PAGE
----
Central to a recent, hotly-debated essay by Peter Beinart is the contention that younger American Jews, overwhelmingly of liberal disposition, are increasingly distanced and alienated from Israel—and that the major reason why is to be found in Israel's own posture and behavior. Is this indeed so?
Among the sources cited by Beinart is a 2007 study by the sociologists Steven M. Cohen and Ari Y. Kelman. Yet, although stipulating an unmistakable decline, at all ages, in the level of American Jewish identification with Israel and comfort with the idea of a Jewish state, Cohen and Kelman conclude that "contrary to widely held beliefs, left-liberal political identity is not primarily responsible for driving down the Israel-attachment scores among the non-Orthodox." Instead, they find intermarriage to be a far more meaningful correlative of lessened identification, while travel to Israel correlates with greater attachment. A subsequent study by Cohen and Sam Abrams comes to similar conclusions.
In a 2008 paper of their own, the sociologists Leonard Saxe and Theodore Sasson argue that while, among the non-Orthodox, younger Jews are less identified with Israel than older, that is nothing new: historically, American Jews' attachments to Israel deepen with age. They also find American Jews to be both politically centrist and fundamentally committed to Israel's existence, aside from whatever views they may hold on particular issues like settlements and Palestinian statehood. For Saxe and Sasson, two variables exercise decisive influence over American Jewish attitudes: trips to Israel like those sponsored by Birthright (on which the pair have written a number of studies) and the overall climate of U.S. opinion, with "the increasingly pro-Israel orientation of the American public likely provid[ing] support for specifically Jewish feelings of attachment."
From all this there flow three conclusions and three questions. The first conclusion has to do with the divide between Orthodox and non-Orthodox Jews; the attachment of the former to Israel is deep at all ages. The second is that, although younger non-Orthodox Jews are indeed less attached to Israel than are their elders, Israeli policies are not the reason why. And the third is that bedrock American support for Israel is an important factor.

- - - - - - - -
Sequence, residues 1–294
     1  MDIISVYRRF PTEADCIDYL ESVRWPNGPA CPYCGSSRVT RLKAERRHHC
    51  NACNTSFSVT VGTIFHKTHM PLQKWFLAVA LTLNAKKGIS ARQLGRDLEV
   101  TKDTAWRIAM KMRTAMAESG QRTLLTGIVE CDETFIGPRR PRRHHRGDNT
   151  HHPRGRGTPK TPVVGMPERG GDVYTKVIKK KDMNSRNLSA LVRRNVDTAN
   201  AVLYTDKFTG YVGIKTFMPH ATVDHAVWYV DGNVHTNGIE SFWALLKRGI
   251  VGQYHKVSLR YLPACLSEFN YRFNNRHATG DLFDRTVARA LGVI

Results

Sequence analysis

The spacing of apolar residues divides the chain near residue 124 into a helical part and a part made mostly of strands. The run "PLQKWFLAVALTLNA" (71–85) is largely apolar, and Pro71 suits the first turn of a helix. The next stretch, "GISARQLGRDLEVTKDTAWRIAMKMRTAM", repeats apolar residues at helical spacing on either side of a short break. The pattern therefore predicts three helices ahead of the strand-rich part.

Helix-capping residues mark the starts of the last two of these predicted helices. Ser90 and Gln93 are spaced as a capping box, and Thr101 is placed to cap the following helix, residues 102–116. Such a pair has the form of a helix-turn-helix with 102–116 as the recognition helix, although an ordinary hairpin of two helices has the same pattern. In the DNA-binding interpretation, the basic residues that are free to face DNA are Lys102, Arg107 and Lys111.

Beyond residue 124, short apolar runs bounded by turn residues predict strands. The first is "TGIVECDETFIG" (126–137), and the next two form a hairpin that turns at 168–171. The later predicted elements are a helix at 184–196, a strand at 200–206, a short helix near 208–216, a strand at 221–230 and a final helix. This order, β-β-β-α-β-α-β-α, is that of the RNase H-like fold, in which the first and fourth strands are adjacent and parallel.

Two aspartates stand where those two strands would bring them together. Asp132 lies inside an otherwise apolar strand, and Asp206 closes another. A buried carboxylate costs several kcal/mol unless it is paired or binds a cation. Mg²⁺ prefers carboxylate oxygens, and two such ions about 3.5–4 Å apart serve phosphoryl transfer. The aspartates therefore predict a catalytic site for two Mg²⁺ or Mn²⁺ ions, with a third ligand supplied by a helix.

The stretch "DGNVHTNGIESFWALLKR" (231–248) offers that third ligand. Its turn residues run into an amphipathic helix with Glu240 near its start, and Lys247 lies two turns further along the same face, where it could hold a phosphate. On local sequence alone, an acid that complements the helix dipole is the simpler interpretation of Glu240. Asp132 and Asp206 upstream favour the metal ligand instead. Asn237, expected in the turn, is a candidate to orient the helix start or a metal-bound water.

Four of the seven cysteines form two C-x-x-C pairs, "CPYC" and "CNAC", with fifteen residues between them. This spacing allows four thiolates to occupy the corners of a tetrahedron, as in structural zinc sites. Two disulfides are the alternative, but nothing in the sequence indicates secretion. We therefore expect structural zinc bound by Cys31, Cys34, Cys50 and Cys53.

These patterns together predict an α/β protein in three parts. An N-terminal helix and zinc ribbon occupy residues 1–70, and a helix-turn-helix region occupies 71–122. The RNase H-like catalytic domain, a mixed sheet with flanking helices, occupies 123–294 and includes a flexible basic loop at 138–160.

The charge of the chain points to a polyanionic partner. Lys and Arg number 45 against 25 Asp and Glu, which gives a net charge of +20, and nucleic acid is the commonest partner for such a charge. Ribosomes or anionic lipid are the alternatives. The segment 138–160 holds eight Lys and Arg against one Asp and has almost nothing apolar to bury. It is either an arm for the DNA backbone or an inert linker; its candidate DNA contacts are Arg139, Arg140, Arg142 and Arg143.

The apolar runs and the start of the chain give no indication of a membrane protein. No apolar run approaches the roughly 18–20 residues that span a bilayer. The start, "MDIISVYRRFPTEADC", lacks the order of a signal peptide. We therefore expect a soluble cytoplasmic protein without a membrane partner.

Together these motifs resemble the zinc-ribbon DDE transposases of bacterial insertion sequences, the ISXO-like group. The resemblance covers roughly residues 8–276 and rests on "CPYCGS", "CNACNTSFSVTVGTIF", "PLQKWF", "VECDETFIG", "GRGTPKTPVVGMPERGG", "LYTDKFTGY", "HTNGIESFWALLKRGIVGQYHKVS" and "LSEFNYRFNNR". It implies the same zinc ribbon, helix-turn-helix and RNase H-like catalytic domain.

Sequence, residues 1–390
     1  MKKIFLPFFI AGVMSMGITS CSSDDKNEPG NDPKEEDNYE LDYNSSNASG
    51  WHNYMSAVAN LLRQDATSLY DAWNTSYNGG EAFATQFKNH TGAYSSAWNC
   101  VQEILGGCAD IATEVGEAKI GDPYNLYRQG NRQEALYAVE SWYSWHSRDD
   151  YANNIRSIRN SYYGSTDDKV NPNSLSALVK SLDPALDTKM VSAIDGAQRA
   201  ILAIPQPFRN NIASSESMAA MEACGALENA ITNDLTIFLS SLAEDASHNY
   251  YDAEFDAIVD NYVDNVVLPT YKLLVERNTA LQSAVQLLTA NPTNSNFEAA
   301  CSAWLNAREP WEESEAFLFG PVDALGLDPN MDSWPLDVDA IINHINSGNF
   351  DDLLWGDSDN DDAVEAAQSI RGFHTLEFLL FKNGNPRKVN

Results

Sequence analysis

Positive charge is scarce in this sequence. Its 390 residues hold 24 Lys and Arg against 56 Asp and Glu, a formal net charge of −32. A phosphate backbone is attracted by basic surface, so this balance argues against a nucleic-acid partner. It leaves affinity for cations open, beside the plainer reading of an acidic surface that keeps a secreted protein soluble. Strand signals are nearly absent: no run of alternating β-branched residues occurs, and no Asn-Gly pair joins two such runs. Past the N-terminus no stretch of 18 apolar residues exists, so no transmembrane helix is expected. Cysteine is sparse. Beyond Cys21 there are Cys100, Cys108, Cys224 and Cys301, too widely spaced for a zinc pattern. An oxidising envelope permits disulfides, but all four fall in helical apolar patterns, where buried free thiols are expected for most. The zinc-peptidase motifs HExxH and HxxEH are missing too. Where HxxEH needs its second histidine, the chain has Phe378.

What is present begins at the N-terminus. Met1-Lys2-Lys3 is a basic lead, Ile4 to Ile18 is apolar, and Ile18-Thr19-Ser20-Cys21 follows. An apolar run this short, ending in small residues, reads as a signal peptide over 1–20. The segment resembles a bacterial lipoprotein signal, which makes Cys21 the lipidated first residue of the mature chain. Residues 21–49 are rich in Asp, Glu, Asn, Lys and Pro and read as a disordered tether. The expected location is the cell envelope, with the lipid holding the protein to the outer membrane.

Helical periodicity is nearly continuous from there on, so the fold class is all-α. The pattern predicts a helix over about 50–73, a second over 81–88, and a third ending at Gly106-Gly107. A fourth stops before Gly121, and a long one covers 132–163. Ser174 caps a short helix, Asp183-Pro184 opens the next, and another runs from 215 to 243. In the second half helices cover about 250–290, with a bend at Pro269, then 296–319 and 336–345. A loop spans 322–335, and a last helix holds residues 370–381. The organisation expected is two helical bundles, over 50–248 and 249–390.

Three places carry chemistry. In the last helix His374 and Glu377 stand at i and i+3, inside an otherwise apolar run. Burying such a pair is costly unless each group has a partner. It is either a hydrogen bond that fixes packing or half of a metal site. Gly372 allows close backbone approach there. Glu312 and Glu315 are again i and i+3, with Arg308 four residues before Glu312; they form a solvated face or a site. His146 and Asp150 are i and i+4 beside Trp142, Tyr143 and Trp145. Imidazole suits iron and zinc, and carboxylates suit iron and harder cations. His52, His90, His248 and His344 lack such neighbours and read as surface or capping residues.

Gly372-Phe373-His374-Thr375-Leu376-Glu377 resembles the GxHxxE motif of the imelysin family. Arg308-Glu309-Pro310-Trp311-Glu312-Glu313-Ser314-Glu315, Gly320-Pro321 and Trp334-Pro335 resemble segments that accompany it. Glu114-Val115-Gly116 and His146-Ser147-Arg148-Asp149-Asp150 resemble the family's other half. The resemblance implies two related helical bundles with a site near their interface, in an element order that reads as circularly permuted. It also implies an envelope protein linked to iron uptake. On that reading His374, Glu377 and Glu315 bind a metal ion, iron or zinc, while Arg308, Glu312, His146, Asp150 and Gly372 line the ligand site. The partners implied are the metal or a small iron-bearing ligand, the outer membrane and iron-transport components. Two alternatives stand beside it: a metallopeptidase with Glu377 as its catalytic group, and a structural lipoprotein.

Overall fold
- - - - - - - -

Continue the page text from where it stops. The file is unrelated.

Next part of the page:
As for the questions, one concerns whether today's young Jews will grow into a deeper identification as family, community, and continuity assume greater significance in their lives. Crucial variables here include the growing rate of intermarriage and all that it implies for the maintenance of a distinctive Jewish identity, as well as the cluster of general social and cultural trends that is loosening attachments to place and ethnicity among the classes in which Jews are prominently represented.
A second, related question is whether today's Jewish organizations—communal, religious, and political—will be attractive to younger Jews as time goes by. And a third is what will happen to their identification with Israel should elite opinion, notably in the academic and international circles now heaping criticism on the country, become decisively more determinative of Jewish attitudes than is American public opinion at large.
In sum, the attachments of young American Jews to both Israel and Judaism rise and fall due to a range of commitments, experiences, and values that are themselves subject to the winds of history and the vicissitudes of circumstance. Specific Israeli policies are one, by no means decisive, element in the mix. Which leads to a final question: what can and should be done now, by Israel, the Jewish community—and by young Jews and non-Jews to whom Israel matters vitally—to strengthen each other at a time when legitimate criticism of Israel increasingly merges with de-legitimization and demonization, and to make Israel's cause a source of living import and pride?